The Right (and Wrong) Way to Push Back Against Self-Styled Opponents of ‘Forever War’
Donald Trump, Rand Paul, and Tulsi Gabbard are three very different politicians when it comes to domestic politics, but when it comes to foreign affairs they all share a desire to end “forever wars.” Trump’s decision to withdraw from Syria as well as Gabbard’s war of words with Hillary Clinton have thrust the nation into a debate about which foreign policy vision the nation should pursue, but this is a debate that is hard to define for it cannot be simplified as conservatives versus liberals or Republicans versus Democrats or even realists versus liberal internationalists or neo-conservatives.
Due to this factor, we have both sides setting up caricatures of other side. This got personal on Friday after Clinton called Gabbard a “Russian asset” who the Russians are “grooming” for a third party run. Gabbard then went after Clinton, saying that she and her, “proxies and powerful allies in the corporate media and war machine, afraid of the threat I pose.”
However, most people do not agree with Gabbard or Trump’s Syria decision (including your’s truly) and it is true that Gabbard does repeat Kremlin talking points, benefits from Russian mischief (even if that does not translate to actual votes), and while she may try to deny it, she has defended Syrian dictator Bashar al-Assad against accusations that he used chemical weapons on its own people, despite convincing evidence that he has. So, how should those of us who think that Gabbardism is dangerous for American national security and who think Trump made a grave error in Syria respond to them?
A good start would not to do what Clinton did and what various media pundits have done since Trump took office. Gabbard is an Iraq War vet who has served her country, something that most of her critics (again, including your’s truly) have not done. Whatever else she says about foreign policy, to say she is a traitor is not only wrong, but she has every right to torch Hillary Clinton when she says that she is.
The same counterproductive analysis comes for Trump, but it is not illegal for the President of the United States to want better relations with Russia. He may be naive in that goal, misunderstanding who Vladimir Putin really is, but to reduce Trump’s foreign policy to “He like dictators” or “It’s because he has hotels in Russia” is to miss the fact that Trump, Gabbard, and Rand Paul speak for a decent size of the population who have real concerns about the track record of American foreign policy in recent years, especially in the Middle East.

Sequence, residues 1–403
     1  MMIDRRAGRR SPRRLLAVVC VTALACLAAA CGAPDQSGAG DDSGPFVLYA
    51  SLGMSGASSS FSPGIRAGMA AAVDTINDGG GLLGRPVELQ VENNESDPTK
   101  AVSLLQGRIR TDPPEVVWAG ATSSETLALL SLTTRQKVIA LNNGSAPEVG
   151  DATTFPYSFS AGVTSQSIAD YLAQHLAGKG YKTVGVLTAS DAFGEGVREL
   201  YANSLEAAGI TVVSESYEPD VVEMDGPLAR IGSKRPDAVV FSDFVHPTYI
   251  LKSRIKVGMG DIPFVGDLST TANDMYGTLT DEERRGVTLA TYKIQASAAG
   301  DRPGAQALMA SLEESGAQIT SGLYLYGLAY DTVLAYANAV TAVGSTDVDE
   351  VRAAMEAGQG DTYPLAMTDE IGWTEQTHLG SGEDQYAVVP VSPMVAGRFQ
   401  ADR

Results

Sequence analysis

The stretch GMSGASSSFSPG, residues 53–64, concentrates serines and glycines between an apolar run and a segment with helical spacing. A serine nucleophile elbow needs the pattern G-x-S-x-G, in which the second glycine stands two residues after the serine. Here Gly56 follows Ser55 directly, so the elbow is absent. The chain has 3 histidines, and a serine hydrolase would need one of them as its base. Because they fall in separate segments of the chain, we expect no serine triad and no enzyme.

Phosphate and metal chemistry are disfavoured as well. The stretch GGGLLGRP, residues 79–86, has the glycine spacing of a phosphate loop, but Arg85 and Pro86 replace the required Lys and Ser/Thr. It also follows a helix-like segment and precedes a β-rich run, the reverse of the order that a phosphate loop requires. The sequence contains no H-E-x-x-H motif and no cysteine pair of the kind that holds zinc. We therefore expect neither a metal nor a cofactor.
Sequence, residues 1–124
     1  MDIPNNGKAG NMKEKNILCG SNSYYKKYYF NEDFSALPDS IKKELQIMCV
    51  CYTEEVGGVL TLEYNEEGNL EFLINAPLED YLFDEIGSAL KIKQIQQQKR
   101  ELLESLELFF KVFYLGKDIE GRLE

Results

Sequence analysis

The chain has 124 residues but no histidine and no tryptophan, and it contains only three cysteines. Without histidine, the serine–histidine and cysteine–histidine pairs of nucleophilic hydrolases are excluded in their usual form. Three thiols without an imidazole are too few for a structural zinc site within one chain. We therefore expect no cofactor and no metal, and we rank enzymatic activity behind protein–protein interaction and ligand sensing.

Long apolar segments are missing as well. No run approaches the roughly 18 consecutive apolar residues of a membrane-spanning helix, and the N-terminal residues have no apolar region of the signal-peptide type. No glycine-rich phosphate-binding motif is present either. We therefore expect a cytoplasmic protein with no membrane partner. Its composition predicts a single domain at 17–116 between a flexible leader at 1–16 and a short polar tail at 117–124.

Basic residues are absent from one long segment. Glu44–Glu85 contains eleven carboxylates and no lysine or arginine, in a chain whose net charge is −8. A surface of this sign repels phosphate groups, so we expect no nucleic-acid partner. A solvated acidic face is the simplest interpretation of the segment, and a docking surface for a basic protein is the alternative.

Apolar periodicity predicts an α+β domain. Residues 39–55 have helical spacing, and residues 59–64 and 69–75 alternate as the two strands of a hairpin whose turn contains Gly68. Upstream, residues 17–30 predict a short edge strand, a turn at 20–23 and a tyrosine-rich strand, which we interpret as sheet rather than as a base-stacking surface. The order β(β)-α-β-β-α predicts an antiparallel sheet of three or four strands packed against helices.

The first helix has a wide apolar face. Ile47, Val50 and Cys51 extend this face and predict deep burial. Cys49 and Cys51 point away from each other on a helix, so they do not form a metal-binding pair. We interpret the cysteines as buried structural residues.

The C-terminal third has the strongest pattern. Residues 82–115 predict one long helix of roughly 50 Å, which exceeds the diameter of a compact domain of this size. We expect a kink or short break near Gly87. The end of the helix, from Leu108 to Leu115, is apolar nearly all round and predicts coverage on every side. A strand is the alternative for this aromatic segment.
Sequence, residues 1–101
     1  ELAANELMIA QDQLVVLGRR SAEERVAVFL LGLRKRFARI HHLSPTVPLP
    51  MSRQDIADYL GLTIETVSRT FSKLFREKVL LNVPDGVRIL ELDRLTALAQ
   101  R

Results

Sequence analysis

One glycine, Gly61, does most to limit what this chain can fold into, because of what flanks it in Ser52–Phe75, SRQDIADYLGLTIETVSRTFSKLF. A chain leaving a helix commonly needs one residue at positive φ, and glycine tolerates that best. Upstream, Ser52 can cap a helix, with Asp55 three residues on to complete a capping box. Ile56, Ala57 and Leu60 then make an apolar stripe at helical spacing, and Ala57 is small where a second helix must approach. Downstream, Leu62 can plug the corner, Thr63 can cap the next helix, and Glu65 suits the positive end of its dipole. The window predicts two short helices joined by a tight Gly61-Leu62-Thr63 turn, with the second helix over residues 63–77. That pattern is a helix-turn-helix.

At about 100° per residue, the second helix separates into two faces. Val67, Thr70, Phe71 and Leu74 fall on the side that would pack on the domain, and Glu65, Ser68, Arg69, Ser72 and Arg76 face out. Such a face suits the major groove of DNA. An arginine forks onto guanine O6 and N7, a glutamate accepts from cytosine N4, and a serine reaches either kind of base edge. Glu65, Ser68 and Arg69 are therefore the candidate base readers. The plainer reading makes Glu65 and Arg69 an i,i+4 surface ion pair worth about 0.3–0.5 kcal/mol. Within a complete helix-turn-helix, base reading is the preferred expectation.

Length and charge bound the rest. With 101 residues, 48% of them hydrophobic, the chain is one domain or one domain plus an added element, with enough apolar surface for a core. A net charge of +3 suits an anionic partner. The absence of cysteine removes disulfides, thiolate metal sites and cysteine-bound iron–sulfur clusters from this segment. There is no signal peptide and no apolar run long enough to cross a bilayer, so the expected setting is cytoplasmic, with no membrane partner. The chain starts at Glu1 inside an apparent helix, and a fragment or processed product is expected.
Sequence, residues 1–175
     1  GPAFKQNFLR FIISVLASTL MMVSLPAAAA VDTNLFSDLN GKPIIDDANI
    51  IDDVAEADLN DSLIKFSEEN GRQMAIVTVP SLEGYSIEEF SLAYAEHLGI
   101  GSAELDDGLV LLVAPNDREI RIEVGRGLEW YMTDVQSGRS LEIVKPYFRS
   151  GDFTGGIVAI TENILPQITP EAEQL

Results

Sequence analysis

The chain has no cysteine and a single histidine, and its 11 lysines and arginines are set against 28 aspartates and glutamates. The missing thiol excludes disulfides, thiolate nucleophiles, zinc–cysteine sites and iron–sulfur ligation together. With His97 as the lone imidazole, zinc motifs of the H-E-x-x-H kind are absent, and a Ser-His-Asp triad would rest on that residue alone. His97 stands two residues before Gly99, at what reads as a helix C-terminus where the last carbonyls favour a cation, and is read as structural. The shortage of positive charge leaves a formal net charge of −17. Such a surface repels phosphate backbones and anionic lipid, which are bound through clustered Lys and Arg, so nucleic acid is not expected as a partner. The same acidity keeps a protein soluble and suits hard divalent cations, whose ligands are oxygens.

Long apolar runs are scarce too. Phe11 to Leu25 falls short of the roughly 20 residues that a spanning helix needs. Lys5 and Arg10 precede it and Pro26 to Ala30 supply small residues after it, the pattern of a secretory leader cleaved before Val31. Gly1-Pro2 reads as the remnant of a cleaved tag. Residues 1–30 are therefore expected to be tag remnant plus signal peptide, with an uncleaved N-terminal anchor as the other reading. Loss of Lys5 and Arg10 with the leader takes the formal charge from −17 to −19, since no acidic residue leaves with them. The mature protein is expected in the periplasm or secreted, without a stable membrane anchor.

This isn’t to say that Gabbard is right. Her foreign policy assumptions rely on the belief that every foreign policy crisis we find ourselves in is because the United States did a bad thing once upon a time and our adversaries are justly responding to our transgressions. The fact that we are reacting to them and the bad things they do, does not fit well with Gabbard’s view of the world. Her’s is a foreign policy based on strawmen, non-sequiturs, and personal attacks. Anybody who does not agree with her, either wants war or is going to bumble the country into one. If you oppose withdrawal from Syria, you support the “regime change war” against Assad, because you probably also supported the Iraq War and if you don’t support ending the war in Afghanistan right now, then you probably do not care about dead soldiers.
The way to respond to these fallacies is not respond with fallacies of your own. As much as it pains me to say something nice about Pete Buttigieg, the South Bend Mayor, himself a vet of the War in Afghanistan, showed how this could be done at the October 15 debate:
Look, I didn’t think we should have gone to Iraq in the first place. I think we need to get out of Afghanistan. But it’s also the case that a small number of specialized, special operations forces and intelligence capabilities were the only thing that stood between that part of Syria and what we’re seeing now, which is the beginning of a genocide and the resurgence of ISIS.